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This topic lists and describes time forecasting model algorithms that are suitable for detecting trends in monotonic data:

Automated Box and Jenkins


This algorithm is based on the identification of features in the data, and works in five steps:

  1. Preprocesses data to correct anomalous behaviors and to prepare the time series for the analysis.
  2. Identifies the most appropriate regression curve and removes the best trend from the data.
  3. Analyzes detrended data to evaluate whether basic and detailed seasonal components are relevant.
  4. Models the time series, deprived of trend and seasonal components, using autoregressive integrated moving average (ARIMA) techniques to discover serial correlations among samples.
  5. Predicts future data using information collected in the earlier steps of the algorithm.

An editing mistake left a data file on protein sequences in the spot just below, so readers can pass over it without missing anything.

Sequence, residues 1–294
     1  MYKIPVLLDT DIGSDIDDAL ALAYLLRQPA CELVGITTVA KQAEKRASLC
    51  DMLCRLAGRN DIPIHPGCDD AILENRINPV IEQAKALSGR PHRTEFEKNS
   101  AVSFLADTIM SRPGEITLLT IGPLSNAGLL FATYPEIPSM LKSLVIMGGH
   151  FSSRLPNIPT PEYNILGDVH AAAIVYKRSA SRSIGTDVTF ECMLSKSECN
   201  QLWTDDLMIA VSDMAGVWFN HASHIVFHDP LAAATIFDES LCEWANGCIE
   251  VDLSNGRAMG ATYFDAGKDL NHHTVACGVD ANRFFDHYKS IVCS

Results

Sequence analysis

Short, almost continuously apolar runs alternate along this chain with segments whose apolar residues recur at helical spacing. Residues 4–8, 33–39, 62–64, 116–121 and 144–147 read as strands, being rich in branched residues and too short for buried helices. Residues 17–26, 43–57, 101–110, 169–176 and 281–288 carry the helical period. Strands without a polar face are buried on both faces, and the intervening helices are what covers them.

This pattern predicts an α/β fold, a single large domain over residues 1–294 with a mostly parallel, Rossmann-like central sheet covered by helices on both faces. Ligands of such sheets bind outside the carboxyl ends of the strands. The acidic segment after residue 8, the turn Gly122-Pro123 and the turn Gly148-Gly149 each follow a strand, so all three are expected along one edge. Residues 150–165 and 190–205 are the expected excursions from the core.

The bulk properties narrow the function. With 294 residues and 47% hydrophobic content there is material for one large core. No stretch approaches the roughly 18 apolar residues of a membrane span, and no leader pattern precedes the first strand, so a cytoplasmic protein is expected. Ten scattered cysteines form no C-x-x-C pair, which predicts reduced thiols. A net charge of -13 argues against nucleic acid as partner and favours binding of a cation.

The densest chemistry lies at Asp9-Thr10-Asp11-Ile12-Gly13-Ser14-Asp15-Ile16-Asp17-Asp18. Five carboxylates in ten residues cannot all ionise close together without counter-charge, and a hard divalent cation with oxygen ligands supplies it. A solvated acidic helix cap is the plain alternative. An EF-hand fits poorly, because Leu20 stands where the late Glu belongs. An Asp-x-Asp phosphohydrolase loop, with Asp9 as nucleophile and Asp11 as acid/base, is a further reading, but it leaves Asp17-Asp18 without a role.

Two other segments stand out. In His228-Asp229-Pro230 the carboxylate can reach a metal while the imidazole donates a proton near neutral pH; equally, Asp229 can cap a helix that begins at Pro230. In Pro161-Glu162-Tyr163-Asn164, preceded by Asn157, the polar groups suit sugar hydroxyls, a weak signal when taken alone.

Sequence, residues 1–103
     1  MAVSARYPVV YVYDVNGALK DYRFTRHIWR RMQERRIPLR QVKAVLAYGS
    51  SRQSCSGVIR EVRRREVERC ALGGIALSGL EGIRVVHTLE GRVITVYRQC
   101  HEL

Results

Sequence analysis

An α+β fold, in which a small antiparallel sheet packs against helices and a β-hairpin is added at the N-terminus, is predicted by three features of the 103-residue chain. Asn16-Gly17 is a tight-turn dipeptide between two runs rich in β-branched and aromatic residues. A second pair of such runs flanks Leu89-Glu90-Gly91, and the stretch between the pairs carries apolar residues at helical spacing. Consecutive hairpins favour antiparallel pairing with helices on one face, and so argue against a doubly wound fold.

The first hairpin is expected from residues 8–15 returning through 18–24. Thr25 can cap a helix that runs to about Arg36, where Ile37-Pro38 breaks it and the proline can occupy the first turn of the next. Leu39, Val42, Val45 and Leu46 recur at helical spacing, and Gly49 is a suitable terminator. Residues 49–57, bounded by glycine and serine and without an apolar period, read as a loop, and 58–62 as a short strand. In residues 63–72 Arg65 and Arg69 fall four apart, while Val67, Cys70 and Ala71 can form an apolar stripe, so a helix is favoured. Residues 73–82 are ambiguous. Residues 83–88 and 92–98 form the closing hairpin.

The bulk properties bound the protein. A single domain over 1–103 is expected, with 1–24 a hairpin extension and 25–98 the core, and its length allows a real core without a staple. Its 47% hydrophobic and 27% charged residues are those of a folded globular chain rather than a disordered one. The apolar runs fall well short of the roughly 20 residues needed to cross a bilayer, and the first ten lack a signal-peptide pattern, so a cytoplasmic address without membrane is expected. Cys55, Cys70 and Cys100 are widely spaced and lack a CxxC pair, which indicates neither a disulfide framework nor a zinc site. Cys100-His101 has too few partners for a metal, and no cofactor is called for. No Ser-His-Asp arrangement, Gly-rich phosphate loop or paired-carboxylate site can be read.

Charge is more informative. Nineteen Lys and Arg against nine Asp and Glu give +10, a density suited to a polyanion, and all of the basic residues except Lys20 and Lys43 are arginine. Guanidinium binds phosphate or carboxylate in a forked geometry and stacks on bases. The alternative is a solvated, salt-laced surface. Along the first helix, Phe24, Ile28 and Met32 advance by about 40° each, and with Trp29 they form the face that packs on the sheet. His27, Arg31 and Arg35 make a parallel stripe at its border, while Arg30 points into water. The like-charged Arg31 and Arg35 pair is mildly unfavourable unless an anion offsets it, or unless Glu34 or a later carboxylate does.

This algorithm is suitable for almost any type of time series, but it is particularly useful for data showing a clear model (regression, seasonality, or serial correlation) underlying the data.

An example of a time forecasting model using the Automated Box and Jenkins algorithm

Automated Box and Jenkins - Last Ramp


This algorithm applies the #Automated Box and Jenkins algorithm to only the automatically detected last ramp of the data.


This algorithm is suitable when the time series shows a clear change of behavior in its latest samples, for example, a step or a slope switch.

An example of a time forecasting model using the Automated Box and Jenkins - Last Ramp algorithm



BMC Capacity Optimization selects a set of available algorithms and then identifies the specific mathematical algorithm that achieves the best performance in predicting the given time series.


This is the default algorithm setting for time forecasting models. BMC recommends using it unless you have a specific reason to manually select a specific mathematical algorithm.


When using the Automatic algorithm setting for a time forecasting model, BMC Capacity Optimization selects the specific mathematical algorithm each time a model runs. Therefore, if you are using the Automatic algorithm setting for repeated model runs and the characteristics of the data change significantly, BMC Capacity Optimization might select a different mathematical algorithm for a subsequent run. Under these circumstances, the model results appear inconsistent.

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